Tiny animal rescues usually include cats being stuck in trees or a raccoon making a home inside of someone’s roof.
But on July 14, a crew of three Wyoming Department of Transportation employees became heroes for a group of eight ducklings when they rescued the tiny birds from a cattle guard near Wapiti.
Jim Berry was one of the three employees who rescued the birds and told Cowboy State Daily on Monday that this is one of the more rare calls he has been on.
“We hear about broken fences and cattle, sheep or goats getting out and you have to wrangle them back in and fix the fence,” Berry said. “But very rarely do you hear of anything getting trapped in a cattle guard.”
WYDOT was brought in after other ways to save the baby mallards did not pan out, according to Susan Ahalt, the owner of Ironside Bird Rescue in Cody.
Ahalt was called early that morning of July 14 by a woman in Wapiti, who heard the ducklings cheeping under her cattle guard. Ahalt attempted to rescue the birds, but due to the weeds and depths of the cattle guard, she could not reach them.
About an hour later, WYDOT was contacted to see if any of its employees could aid in the ducklings’ rescue.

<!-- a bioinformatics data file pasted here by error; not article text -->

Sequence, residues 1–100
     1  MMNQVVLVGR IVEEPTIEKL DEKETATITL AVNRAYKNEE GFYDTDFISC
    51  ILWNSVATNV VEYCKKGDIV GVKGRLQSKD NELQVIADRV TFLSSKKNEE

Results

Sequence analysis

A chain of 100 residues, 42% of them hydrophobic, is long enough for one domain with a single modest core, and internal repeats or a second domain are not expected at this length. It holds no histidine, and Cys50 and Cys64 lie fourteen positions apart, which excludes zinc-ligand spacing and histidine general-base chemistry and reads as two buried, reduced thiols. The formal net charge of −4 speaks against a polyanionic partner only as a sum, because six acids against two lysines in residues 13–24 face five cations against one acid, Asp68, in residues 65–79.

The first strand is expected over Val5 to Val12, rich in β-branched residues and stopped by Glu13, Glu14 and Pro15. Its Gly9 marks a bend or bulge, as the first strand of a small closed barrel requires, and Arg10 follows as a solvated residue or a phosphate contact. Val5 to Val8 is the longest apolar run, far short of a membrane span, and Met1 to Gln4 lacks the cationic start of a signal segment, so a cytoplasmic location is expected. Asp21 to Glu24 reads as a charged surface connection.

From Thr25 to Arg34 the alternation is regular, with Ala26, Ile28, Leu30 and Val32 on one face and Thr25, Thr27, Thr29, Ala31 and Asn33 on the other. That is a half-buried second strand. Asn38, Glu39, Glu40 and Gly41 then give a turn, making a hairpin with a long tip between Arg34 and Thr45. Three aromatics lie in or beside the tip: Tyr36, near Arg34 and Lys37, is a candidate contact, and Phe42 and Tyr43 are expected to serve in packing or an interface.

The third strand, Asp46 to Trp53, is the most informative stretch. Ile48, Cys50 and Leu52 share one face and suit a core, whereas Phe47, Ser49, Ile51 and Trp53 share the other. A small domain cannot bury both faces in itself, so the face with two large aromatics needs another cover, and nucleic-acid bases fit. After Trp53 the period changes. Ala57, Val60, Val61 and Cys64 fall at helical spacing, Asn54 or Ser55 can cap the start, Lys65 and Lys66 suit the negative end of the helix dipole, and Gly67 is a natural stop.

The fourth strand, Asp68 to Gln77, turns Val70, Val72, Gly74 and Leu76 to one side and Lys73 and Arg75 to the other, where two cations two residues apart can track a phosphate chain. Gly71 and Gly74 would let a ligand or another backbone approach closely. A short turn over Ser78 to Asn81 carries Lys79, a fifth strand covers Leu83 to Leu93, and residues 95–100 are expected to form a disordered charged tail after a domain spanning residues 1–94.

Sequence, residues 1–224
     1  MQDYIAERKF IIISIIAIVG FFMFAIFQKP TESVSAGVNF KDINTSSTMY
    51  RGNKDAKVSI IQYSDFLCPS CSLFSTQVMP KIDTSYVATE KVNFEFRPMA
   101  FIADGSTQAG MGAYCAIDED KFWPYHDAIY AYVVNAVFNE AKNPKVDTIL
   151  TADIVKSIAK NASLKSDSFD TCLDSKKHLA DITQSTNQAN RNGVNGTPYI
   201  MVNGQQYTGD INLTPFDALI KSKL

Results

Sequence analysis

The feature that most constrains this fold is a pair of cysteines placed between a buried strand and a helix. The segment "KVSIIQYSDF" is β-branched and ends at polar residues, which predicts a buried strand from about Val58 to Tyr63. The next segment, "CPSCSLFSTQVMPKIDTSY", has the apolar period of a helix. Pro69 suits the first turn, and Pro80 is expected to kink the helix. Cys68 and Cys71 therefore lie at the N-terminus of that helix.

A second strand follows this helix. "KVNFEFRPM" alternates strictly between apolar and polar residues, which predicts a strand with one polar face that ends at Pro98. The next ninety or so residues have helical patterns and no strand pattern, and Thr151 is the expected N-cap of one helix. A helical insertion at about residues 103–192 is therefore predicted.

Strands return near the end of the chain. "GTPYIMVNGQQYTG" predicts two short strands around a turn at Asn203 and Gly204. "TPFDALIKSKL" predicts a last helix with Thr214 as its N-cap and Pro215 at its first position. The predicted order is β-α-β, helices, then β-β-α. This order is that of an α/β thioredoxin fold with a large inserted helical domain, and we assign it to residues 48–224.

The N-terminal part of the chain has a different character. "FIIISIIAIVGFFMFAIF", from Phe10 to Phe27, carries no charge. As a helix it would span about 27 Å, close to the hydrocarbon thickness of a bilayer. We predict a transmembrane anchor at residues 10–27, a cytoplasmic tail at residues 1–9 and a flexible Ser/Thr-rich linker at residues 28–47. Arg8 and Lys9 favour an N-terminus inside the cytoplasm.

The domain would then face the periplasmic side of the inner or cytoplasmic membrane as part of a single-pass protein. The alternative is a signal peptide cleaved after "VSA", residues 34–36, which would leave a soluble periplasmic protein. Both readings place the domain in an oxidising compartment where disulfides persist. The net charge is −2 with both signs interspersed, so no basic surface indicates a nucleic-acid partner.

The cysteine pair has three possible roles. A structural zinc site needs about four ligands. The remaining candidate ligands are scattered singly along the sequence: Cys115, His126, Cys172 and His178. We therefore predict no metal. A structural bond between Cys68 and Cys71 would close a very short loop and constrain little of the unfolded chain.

Berry, Shaun Emmett and Joe Klein arrived on scene about an hour later with a front-end loader to raise the cattle guard out of the ground enough to get the ducklings out.
“There’s a pond across the street from where they were in the cattle guard and ducks hang out over there, so I figure their mother was around there,” Berry said.
Berry believes that the ducklings walked away from their mother and when one fell into the cattle guard, the rest of them followed.
In addition to using the front-end loader to reach the ducklings, the WYDOT crew also had to use a blow torch to open the guard and get the ducklings out.
One by one, the men lifted the (likely, according to Ahalt) two-day old ducklings out of the guard and up to the ground above, where they ran around, slipping through everyone’s fingers.
Ahalt and the WYDOT crew finally gathered the baby mallards up and Ahalt took them to her bird rescue, where they have been getting regular food and water.
Once they are older, Ahalt will release them into a friend’s pond, Berry said.
“They seemed happy and healthy when we got to the ducks,” Berry said. “This is one of those times where you get a call and you might have other things to do, but there are eight little ducklings and people are concerned about them. So you get out there and help them and everybody’s happy.
Life is good at the end of the day.”